Yellow Aphids

Scientific names: Yellow pecan: Monelliopsis pecanis Black margined: Monellia caryella

Symptoms, Life-cycle and Pest Management

Aphids are small, soft-bodied insects that suck sap from pecan leaves. There are two species of “yellow” or “honeydew” aphids, the black-margined aphid, Monellia caryella, and the yellow pecan aphid, Monelliopsis pecanis.  The black-margined aphid has a black stripe along the outside margin of its wings, which are held flat over the body. The yellow pecan aphid holds its wings roof-like over its body and lacks the black stripe along the wing margin. Immature aphids are difficult to identify because they lack wings. Infestations may contain both species.

The yellow pecan aphid occurs later in the season. Outbreaks of this species can cause defoliation and reduce yield and quality on most cultivars. Both species primarily feed on the underside of leaves. Black margined aphids feed on the underside of leaves on major leaflet veins while yellow pecan aphids feed on the network of small veins located throughout the leaf. They damage pecan trees by extracting large amounts of photosynthate and water from leaves, which impairs the growth of both shoots and roots. They also secrete large amounts of honeydew on to leaves, and the sooty mold that grows on the honeydew can reduce photosynthetic efficiency.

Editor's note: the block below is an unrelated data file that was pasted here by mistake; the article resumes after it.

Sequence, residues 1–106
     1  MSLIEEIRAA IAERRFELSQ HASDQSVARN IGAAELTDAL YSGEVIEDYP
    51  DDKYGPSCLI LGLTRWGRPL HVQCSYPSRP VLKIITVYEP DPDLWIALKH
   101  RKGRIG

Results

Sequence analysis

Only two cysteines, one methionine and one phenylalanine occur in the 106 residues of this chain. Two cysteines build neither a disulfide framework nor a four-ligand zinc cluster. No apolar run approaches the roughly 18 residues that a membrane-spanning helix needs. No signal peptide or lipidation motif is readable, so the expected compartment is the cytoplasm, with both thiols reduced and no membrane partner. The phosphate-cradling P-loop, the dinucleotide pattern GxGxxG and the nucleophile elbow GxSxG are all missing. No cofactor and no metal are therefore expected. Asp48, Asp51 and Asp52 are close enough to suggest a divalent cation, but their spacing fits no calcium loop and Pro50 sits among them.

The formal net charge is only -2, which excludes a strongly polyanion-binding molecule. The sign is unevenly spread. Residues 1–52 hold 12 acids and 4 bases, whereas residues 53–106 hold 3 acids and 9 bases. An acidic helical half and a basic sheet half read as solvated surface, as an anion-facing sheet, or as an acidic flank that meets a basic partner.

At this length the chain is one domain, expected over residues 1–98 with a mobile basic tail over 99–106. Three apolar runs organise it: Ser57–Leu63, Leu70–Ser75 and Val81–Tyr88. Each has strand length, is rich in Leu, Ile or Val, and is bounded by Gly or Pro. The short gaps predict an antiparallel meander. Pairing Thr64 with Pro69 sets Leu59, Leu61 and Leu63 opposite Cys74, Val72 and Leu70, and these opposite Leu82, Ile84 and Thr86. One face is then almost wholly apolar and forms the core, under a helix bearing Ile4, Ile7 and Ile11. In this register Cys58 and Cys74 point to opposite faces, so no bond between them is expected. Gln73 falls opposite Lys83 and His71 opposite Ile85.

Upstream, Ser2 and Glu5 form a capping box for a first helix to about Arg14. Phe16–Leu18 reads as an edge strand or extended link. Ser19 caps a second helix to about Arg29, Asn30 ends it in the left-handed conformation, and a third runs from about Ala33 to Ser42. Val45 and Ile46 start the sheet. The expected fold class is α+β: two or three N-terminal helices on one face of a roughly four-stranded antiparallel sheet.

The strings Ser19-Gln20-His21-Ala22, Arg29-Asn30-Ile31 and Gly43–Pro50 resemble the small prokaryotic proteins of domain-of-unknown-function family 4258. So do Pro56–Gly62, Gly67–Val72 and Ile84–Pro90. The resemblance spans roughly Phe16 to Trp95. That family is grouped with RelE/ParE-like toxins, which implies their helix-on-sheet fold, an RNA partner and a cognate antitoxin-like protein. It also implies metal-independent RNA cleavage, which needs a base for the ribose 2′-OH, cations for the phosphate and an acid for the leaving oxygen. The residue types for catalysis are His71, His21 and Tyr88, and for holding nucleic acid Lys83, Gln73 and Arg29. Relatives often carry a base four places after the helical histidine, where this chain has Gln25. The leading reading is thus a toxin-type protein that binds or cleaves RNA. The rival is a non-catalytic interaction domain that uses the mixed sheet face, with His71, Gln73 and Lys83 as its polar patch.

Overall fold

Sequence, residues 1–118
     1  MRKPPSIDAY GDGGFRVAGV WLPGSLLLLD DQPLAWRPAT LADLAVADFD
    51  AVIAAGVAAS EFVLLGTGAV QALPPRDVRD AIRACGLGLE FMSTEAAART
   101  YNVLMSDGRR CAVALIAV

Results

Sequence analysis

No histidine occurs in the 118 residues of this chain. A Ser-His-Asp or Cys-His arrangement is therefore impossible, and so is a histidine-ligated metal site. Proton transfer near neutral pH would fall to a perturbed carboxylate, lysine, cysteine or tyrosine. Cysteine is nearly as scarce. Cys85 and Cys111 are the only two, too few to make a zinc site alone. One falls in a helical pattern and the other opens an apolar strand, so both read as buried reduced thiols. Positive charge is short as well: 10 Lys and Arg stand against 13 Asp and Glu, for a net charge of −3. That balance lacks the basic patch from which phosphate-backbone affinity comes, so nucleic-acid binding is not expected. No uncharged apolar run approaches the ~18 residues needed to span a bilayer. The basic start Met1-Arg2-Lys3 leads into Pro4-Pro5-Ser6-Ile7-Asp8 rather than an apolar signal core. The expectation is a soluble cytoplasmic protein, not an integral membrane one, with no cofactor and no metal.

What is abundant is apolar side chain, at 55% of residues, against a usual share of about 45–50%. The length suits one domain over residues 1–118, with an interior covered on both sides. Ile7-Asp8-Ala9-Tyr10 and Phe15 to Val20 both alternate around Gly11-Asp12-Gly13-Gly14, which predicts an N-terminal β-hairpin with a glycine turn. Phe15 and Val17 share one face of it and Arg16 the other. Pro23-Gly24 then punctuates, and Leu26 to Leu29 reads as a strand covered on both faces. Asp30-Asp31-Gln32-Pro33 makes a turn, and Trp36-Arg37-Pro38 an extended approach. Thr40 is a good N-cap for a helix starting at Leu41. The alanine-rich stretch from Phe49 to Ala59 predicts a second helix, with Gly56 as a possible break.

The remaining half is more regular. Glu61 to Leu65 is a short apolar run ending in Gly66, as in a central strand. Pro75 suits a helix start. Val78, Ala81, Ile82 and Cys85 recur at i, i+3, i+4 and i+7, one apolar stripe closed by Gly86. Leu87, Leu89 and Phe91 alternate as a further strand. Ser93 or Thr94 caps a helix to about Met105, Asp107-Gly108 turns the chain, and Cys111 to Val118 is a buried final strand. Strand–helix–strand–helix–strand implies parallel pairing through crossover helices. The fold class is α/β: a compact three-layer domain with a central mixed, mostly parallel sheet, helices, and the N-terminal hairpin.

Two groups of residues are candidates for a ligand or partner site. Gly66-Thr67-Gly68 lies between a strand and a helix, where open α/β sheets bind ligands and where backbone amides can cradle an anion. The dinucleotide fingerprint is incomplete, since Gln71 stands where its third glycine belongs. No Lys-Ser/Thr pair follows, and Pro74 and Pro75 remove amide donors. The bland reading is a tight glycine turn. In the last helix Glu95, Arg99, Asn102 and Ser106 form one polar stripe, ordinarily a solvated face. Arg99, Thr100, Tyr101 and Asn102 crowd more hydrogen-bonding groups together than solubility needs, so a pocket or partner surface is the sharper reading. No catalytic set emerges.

Yellow aphid eggs survive the winter hidden in bark crevices on twigs and tree trunks. Immature aphids, called nymphs, hatch from eggs in spring and begin to feed on newly expanded leaves. Nymphs mature in about a week and give birth to live young. All individuals are females that reproduce without males during spring and summer. In late September and October, males and females develop, and females deposit overwintering eggs.

Spider Mites

Scientific Names: Tetranychidae and Eriophyidae

Symptoms, Life-cycle and Pest Management

The pecan leaf scorch mite is the most important spider mite attacking pecans. Large numbers of these tiny mites feed on the undersides of pecan leaves. Mites suck plant sap, causing irregular brown spots on infested leaves. Infestations often develop first along the leaf midrib. Damaged leaves appear russetted or scorched. Large infestations can result in leaf loss, especially if trees are under moisture stress.